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I've been reading a lot about "house rules" for dogs. One of the suggestions to create space, is closing off at least two rooms from my dogs... Though it didn't specify what type of usage the room gets. My Red Cattle Dog thinks being my personal stalker is his job, and can't stand it when there's a door closed between the two of us. My penchant for over thinking this is wondering, what type of rooms are most effective?
 

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I don't like closing a dog off in a room. I prefer to either separate the dog in a crate or kennel OR use a see through baby gate.

In my case, due to what I am doing with my two competition dogs, they have NO house rules. They are also rarely IN the house. I want those dogs to think they can do anything and so, if they are in the house they hop on tables, the counter, the back of the couch and so forth.

The house dog has no separate room. She is a bit dependent (and it is her nature that makes her a house dog and removed her from competition status). She naturally is with you.. but never offers to go on furniture or counters or tables and, quite honestly, I never taught her she could or could not. She just is too worried to.

When I did separate dogs and had two in the house (when both the competition dogs were baby puppies) I did not designate any room they could NOT be in. I just put up baby gates and kept the adult dog separate (usually in the bedroom right off the living room). The older dog could see the puppy and see me and I could crate the puppy and open the gate and so forth. It was easy for me and created no conflict.
 

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It's up to you. Your dogs, your house, do as you please. They do prefer to be with the family, whether that's laying on the floor or the couch or their own dog bed. Some people also restrict access to certain rooms in the house, like the kitchen or perhaps the bedroom, for various reasons. One can be counter surfing, or perhaps the dog is just a pain and underfoot when there is food being prepared, so the kitchen is off-limits.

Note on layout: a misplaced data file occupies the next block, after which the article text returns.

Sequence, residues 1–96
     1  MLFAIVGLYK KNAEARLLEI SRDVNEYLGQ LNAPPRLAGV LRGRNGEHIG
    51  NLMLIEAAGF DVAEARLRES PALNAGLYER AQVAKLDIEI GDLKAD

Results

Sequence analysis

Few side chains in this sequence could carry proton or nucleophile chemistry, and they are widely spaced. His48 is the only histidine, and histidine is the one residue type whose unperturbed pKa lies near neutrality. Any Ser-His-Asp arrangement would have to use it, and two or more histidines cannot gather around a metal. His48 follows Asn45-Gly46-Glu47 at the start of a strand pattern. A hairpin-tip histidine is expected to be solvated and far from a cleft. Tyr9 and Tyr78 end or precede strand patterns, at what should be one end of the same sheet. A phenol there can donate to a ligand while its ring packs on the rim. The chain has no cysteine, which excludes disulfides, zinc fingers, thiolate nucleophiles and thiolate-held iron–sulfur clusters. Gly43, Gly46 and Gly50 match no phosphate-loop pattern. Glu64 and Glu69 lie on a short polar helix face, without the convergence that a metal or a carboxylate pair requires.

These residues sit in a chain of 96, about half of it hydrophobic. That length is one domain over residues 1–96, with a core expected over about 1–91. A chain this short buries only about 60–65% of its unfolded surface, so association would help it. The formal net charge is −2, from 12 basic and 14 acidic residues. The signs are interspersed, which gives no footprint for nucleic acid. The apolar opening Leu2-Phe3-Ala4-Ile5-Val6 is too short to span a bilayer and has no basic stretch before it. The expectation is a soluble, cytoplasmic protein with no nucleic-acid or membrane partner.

Basically, your house rules are whatever you make them. Unless there is something specific you're trying to prevent (like counter surfing, begging, being underfoot with food about) I don't see how preventing a dog from going in a certain room is in any way beneficial.
 

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Discussion Starter #4
I don't like closing a dog off in a room. I prefer to either separate the dog in a crate or kennel OR use a see through baby gate.

In my case, due to what I am doing with my two competition dogs, they have NO house rules. They are also rarely IN the house. I want those dogs to think they can do anything and so, if they are in the house they hop on tables, the counter, the back of the couch and so forth.

The house dog has no separate room. She is a bit dependent (and it is her nature that makes her a house dog and removed her from competition status). She naturally is with you.. but never offers to go on furniture or counters or tables and, quite honestly, I never taught her she could or could not. She just is too worried to.

When I did separate dogs and had two in the house (when both the competition dogs were baby puppies) I did not designate any room they could NOT be in. I just put up baby gates and kept the adult dog separate (usually in the bedroom right off the living room). The older dog could see the puppy and see me and I could crate the puppy and open the gate and so forth. It was easy for me and created no conflict.
This isn't quite what I intended to communicate. What I'm talking about is keeping both dogs on the same side of the door, and out of my den or guest room.
 

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Discussion Starter #5
It's up to you. Your dogs, your house, do as you please. They do prefer to be with the family, whether that's laying on the floor or the couch or their own dog bed. Some people also restrict access to certain rooms in the house, like the kitchen or perhaps the bedroom, for various reasons. One can be counter surfing, or perhaps the dog is just a pain and underfoot when there is food being prepared, so the kitchen is off-limits.

Basically, your house rules are whatever you make them. Unless there is something specific you're trying to prevent (like counter surfing, begging, being underfoot with food about) I don't see how preventing a dog from going in a certain room is in any way beneficial.
This may be more of a breed dependant suggestion. I have two Heelers, my acts like a jerk when my other dog wags her tail too hard. And the exuberant tail wagger, she is acutely aware both her appearance and personality make her extra cute. Which she relies upon to get pushy and hog all the pets for herself.
 

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It really depends on what your goals are. There is no 'better or worse'. I have one dog who is pretty independent. He likes to be in the same room... most of the time. But he will remove himself to our bedroom if he wants the dog bed in there, or to be alone. My other dog is like velcro and would be sitting on top of me every waking second if he'd like. He has more restrictions.